Allianz’s CEO Defends Pimco Amid Shareholder CriticismMary Childs and Oliver Suess
Allianz SE, defending its Pacific Investment Management Co. unit against shareholder criticism over declining returns and management infighting, said the bond manager has been a very profitable investment since the German insurer took it over in 1999.
“We have more than earned back all the expenses spent on the purchase of Pimco over the past few years,” Michael Diekmann, the 59-year-old chief executive officer of Europe’s biggest insurer, said today at the company’s annual shareholder meeting in Munich. Last year, “Pimco again made a significant contribution” to Allianz’s earnings.
As Pimco struggles to navigate rising interest rates and client withdrawals in the past year, the unexpected resignation of CEO Mohamed El-Erian amid reports of clashes with founder Bill Gross spurred an overhaul of top management. Shareholders including Union Investment Group used the meeting to highlight deteriorating fund performance and ask whether Allianz, which has so far taken a hands-off approach toward Pimco as assets have surged to almost $2 trillion under its ownership, plans to change that practice.
“Whether Pimco’s new management structure is working and leads to better investment results remains to be seen,” said Ingo Speich, a fund manager at Frankfurt-based Union Investment, which is Allianz’s eighth-biggest shareholder, according to data compiled by Bloomberg. “Maximum autonomy has been the recipe for success of Pimco so far. Do you now want to get involved more in Newport Beach?”
The public spat between Gross and El-Erian resembled a “male cat fight” that should better have been avoided, said Daniela Bergdolt, a representative for the DSW, Germany’s largest association for private investors. “I would have wished you would have interfered earlier.”
Diekmann responded that there would be no reason to “read the riot act” to management or “conjure up a doomsday scenario,” adding that the measures taken by the company should rather be evaluated in a year’s time. Customer feedback on the new management at Newport Beach, California-based Pimco has been positive, Diekmann said.
Allianz acquired a stake of about 70 percent in Pimco in 1999 for $3.3 billion. Pimco managed about $256 billion at the time, bringing Allianz’s assets under management to $650 billion. It gave the fund manager, which Gross co-founded in 1971, greater independence in 2011 by separating it from the insurer’s other asset managers, which are combined in the Allianz Global Investors unit.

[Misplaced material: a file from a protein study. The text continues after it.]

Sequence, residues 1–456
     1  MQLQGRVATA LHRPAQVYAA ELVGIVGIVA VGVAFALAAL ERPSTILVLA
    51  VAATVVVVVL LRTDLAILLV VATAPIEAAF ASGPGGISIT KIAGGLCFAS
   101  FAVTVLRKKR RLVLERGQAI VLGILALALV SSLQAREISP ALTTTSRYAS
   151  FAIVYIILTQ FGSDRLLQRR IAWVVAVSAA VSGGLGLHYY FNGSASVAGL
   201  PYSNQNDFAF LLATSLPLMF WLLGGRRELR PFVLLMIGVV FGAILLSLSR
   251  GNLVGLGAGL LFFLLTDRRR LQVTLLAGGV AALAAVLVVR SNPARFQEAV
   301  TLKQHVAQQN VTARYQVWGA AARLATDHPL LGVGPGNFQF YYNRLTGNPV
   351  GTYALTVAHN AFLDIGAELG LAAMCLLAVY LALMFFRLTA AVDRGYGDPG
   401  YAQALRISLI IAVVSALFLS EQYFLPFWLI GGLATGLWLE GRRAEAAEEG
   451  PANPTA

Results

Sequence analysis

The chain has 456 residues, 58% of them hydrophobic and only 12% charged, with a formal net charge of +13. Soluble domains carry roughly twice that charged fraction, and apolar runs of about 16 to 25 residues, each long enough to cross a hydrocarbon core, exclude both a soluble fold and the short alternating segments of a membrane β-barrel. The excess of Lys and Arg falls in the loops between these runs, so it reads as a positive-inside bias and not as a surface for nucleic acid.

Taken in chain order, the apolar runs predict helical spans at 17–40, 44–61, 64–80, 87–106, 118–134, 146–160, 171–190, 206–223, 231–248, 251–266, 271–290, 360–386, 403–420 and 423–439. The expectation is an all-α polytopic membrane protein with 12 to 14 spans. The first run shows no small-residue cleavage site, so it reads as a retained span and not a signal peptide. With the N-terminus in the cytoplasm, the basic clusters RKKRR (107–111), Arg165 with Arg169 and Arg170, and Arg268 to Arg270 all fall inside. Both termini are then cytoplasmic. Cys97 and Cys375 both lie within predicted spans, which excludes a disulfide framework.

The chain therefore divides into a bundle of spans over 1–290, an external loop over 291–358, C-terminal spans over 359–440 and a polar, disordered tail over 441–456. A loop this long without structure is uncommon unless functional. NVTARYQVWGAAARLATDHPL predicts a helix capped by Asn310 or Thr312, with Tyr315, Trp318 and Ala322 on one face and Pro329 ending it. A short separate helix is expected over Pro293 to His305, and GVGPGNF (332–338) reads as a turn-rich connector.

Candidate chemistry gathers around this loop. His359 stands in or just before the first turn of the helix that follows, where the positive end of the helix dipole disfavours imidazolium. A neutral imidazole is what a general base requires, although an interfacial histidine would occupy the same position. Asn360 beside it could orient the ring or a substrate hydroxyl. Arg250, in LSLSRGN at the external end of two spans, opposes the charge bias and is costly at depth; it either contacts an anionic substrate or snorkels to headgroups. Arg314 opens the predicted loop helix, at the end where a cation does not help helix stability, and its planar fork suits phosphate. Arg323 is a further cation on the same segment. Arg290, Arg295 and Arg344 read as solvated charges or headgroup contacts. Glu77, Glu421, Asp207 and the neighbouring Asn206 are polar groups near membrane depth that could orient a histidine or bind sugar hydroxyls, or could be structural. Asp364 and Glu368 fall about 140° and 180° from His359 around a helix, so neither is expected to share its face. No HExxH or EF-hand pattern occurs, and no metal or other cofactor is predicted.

El-Erian, who had shared the role of co-chief investment officer with Gross, has continued to work for Allianz as chief economic adviser, and has said Gross is still one of the world’s great investors. Since El-Erian’s resignation and the management reorganization, which named six new deputies, Gross has said his firm is now in better shape than before.
Gross’s Pimco Total Return Fund, the world’s largest bond fund, suffered its 12th straight month of withdrawals in April as it trailed peers. Investors pulled a record $41.1 billion from Pimco Total Return in 2013, according to Morningstar Inc. They’ve removed $11.3 billion from the fund this year, the data show.
“All this becomes so much of a distraction it prevents people from performing at their highest abilities,” Michael Rosen, chief investment officer at Angeles Investment Advisors LLC in Santa Monica, California, said in a telephone interview. “At some point you’ll see that in their performance numbers.”
First-quarter operating profit at Allianz was 2.72 billion euros ($3.8 billion) after 2.8 billion euros reported a year earlier, according to preliminary figures released by the Munich-based insurer, beating the 2.6 billion-euro average estimate of six analysts surveyed by Bloomberg. Net income fell 4 percent to 1.64 billion euros. Allianz, which reports detailed results May 14, did not provide the contribution to earnings from Pimco.